harmful radiation effects Genetic effects appear in future generations of exposed person as a result of radiation damage to reproductive cells
harmful radiation effects UV radiation on skin
beneficial radiation effects radiation therapy; tracers like iodine for thyroid therapy and thallium for blood flow in stress tests
molecules chemical particles composed of two ore more atoms from the same or different elements held together by chemical bonds
compounds a molecule composed of two ore more different elements. can be broken down into components by chemical means
molecular formula identifies constituent elements and how many atoms of each are present
structural formula location of each atom, reveals structural isomers
molecular weight of a compound is the sum of atomic weights of atoms
chemical reactions... transform matter
atoms react with other atoms through chemical bonding, which occurs between atoms when... there are vacancies in their valence (outermost) electron shell.
a chemical bond is an electrostatic attractive force that holds atoms together or attracts one molecule to another in a chemical reaction
valence electrons are responsible for holding two ore more atoms together in a chemical bond by SHARING or TRANSFERRING valence electrons.
electronegativity of an atom the tendency of an atom to acquire electrons
ionic bond relatively weak attraction between an anion and a cation. easily disrupted in water, as when salt dissolves
covalent bond sharing of one or more pairs of electrons between nuclei
single covalent bond sharing of one electron pair
double covalent sharing of two electron pairs. often occurs between carbon atoms, between carbon and oxygen, and between carbon and nitrogen.
nonpolar covalent covalent bond in which electrons are equally attracted to both nuclei. may be single or double. strongest type of chemical bond.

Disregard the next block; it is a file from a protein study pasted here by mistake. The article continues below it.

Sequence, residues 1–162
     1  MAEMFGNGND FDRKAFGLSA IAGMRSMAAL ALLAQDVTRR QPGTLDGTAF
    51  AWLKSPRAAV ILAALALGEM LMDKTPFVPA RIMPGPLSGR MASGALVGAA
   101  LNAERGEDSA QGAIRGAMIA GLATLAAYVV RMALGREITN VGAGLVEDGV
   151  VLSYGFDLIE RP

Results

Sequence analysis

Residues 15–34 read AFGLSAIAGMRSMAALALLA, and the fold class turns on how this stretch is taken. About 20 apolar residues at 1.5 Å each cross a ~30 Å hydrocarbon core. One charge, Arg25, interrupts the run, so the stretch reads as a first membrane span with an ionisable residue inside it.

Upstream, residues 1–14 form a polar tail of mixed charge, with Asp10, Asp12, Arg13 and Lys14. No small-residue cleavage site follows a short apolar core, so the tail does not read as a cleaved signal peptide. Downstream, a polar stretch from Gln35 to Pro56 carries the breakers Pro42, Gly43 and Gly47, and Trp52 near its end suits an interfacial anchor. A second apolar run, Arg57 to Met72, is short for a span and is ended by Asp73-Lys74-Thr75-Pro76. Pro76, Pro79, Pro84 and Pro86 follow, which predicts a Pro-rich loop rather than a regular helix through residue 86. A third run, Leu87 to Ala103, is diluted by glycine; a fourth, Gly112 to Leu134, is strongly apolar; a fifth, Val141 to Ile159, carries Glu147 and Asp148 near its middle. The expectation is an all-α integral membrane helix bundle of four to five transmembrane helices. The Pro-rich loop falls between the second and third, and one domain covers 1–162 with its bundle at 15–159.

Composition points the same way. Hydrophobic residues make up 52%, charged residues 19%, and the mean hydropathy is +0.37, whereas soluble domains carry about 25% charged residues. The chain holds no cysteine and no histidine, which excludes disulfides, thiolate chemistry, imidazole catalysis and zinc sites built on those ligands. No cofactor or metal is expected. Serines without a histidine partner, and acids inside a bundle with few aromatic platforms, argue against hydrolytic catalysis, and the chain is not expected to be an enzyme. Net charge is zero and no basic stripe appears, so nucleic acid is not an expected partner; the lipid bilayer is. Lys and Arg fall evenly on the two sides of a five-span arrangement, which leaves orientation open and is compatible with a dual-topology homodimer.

polar covalent covalent bond in which electrons are more attracted to one nucleus than the other, resulting in slightly positive and negative regions in one molecule. may be single or double.
hydrogen bond weak attraction between polarized molecules or between polarized regions of the same molecule. Important in the three-dimensional folding and coiling of large molecules. Easily disrupted by temperature and pH changes.
Van der Waals force Weak, brief attraction due to random disturbances in the electron clouds of adjacent atoms. Weakest of all bonds.
ions and polar covalent molecules... have + or - charge and so dissolve easily in water.
covalent bond occurs when atoms share electrons in an effort to fill their valence shells. No donating / losing of electrons (AKA oxidation and reduction).
the strongest of all chemical bonds covalent bond
bond that most commonly occurs when two ore more non-metals bond covalent bond
atoms in compound... have a similar tendency for electrons
bonds that are found in biological molecules covalent bond - crucial for life - found in water molecules
weakest of bond types, 'transient' bonds hydrogen bonds
hydrogen bonds form between slightly positive hydrogen atom in one molecule and a slightly negative oxygen or nitrogen atom in another
hydrogen bonds between different water molecules... will form between a hydrogen atom of one water molecule and an unshared oxygen electron of a neighboring water molecule
hydrogen bonds play an important role in physiology via these structures: protein structures, DNA structure
bonds within a water molecule polar covalent bond (O partial -, H partial +)
bonds between different water molecules hydrogen bond
ions charged particles with unequal number of protons and electrons
tend to give up electrons... elements with one to three valence electrons
tend to gain electrons... elements with four to seven valence electrons
ionization transfer of electrons from one atom to another (increasing the stability of the valence shell)
an ionic bond forms... between metals (left stair of periodic table) and non-metals (right stair of periodic table)